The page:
Sir Charles Lyell, 1st Baronet, KT, FRS (14 November 1797 – 22 February 1875) was a Scottish lawyer, geologist, and protagonist of uniformitarianism. He was the foremost geologist of his day, and an influence on the young Charles Darwin.
After being sent down from Exeter College, Oxford in 1820, Lyell learnt geology under the wing of the naturalist William Buckland. After graduation he took up law as a profession, and completed a circuit through rural England, where he could observe geology. As his eyesight began to fail him he turned to geology as a full time profession. His first paper, "On a recent formation of freshwater limestone in Forfarshire", was presented in 1822. By 1827, he had abandoned the law and embarked on a geological career that would result in fame and the acceptance of ideas, mainly uniformitarianism, proposed by James Hutton a few decades earlier.
In 1832, Lyle married Mary Horner of Bonn, daughter of Leonard Horner (1785-1864), also associated with the Geological Society of London. The new couple spent their honeymoon in Switzerland and Italy on a geological tour of the area.
During the 1840s, he traveled to the United States and Canada, and wrote two popular travel-and-geology books: Travels in North America (1845) and A Second Visit to the United States (1849). After the Great Chicago Fire, Lyell was one of the first to donate books to help found the Chicago Public Library.
Lyell's wife Mary died in 1873, and two years later Lyell himself died as he was revising the twelfth edition of Principles. He is buried in Westminster Abbey. Lyell was rewarded by the State with a knighthood (KT), and later by a baronetcy (Bt), which is an hereditary honour. He was awarded the Copley Medal in 1858 and the Wollaston Medal in 1866. Lyell crater on the Moon and a crater on Mars were named in his honour. In addition, Mount Lyell in western Tasmania, Australia, located in a profitable mining area, bears Lyell’s name.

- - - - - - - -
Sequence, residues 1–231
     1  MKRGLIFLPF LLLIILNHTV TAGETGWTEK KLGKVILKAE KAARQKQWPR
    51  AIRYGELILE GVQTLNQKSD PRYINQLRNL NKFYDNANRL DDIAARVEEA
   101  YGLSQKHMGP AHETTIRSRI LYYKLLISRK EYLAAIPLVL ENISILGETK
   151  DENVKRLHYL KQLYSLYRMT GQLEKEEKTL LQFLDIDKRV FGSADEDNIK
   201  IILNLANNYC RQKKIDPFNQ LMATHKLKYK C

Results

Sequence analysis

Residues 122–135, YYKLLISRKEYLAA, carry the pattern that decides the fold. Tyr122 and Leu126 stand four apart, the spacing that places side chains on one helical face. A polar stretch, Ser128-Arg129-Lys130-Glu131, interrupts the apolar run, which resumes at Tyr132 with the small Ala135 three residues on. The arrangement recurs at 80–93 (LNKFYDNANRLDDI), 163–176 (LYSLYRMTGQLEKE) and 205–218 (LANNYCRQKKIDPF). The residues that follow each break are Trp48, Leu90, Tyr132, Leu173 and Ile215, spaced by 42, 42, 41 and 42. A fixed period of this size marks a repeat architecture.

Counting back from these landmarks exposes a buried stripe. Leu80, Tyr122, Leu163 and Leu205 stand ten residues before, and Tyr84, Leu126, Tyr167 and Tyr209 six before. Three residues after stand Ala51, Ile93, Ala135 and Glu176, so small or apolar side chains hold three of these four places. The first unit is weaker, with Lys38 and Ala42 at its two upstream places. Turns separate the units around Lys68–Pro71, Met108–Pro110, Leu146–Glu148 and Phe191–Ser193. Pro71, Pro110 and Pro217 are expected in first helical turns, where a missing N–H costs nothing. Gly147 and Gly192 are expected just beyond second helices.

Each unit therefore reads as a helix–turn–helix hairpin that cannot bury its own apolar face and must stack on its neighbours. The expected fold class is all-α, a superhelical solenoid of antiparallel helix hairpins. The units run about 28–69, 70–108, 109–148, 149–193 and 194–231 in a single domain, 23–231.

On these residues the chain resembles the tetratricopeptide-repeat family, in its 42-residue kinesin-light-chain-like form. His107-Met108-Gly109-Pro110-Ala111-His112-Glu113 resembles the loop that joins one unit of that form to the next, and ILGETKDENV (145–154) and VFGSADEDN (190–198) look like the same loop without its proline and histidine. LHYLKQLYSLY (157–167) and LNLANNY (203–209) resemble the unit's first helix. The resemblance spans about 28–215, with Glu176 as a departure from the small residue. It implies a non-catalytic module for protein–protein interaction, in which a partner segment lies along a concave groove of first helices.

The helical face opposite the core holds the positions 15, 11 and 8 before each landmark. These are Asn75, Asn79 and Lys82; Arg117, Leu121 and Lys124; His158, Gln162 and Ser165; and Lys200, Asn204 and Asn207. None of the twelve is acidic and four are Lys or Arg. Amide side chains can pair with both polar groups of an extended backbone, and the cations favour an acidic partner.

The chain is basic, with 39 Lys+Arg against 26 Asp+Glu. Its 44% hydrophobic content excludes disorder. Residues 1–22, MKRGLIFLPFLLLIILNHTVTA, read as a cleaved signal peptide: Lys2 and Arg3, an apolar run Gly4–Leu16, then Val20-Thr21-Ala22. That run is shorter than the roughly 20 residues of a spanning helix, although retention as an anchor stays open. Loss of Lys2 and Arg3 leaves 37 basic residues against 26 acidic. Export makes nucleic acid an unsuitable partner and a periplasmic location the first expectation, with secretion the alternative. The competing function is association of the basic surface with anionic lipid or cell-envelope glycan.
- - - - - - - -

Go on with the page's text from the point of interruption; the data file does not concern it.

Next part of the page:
Lyell had private means, and earnt further income as an author. He came from a prosperous family, worked briefly as a lawyer in the 1820s, and held the post of Professor of Geology at King's College London in the 1830s. From 1830 onward his books provided both income and fame. Each of his three major books was a work continually in progress. All three went through multiple editions during his lifetime, Though many of his friends (such as Darwin) thought the first edition of the Principles was the best written. Lyell used each edition to incorporate additional material, rearrange existing material, and revisit old conclusions in light of new evidence.
Principles of Geology, Lyell's first book, was also his most famous, most influential, and most important. First published in three volumes in 1830-33, it established Lyell's credentials as an important geological theorist and propounded the doctrine of uniformitarianism It was a work of synthesis, backed by his own personal observations on his travels.
The central argument in Principles was that "the present is the key to the past". Geological remains from the distant past can, and should, be explained by reference to geological processes now in operation and thus directly observable. Lyell's interpretation of geologic change as the steady accumulation of minute changes over enormously long spans of time was a powerful influence on the young Charles Darwin. Lyell asked Robert FitzRoy, captain of HMS Beagle, to search for erratic boulders on the survey voyage of the Beagle, and just before it set out FitzRoy gave Darwin Volume 1 of the first edition of Lyell's Principles. When the Beagle made its first stop ashore at St Jago Darwin found rock formations which seen "through Lyell's eyes" gave him a revolutionary insight into the geological history of the island, an insight he applied throughout his travels.
While in South America Darwin received Volume 2 which considered the ideas of Lamark in some detail. Lyell rejected Lamark's idea of organic evolution, proposing instead "Centres of Creation" to explain diversity and territory of species. However, as discussed below, many of his letters show he was fairly open to the idea of evolution. In geology Darwin was very much Lyell's disciple, and brought back observations and his own original theorising, including ideas about the formation of atolls, which supported Lyell's uniformitarianism. On the return of the Beagle (October 1836) Lyell invited Darwin to dinner and from then on they were close friends. Although Darwin discussed evolutionary ideas with him from 1842, Lyell continued to reject evolution in each of the first nine editions of the Principles. He encouraged Darwin to publish, and following the 1859 publication of On the Origin of Species, Lyell finally offered a tepid endorsement of evolution in the tenth edition of Principles.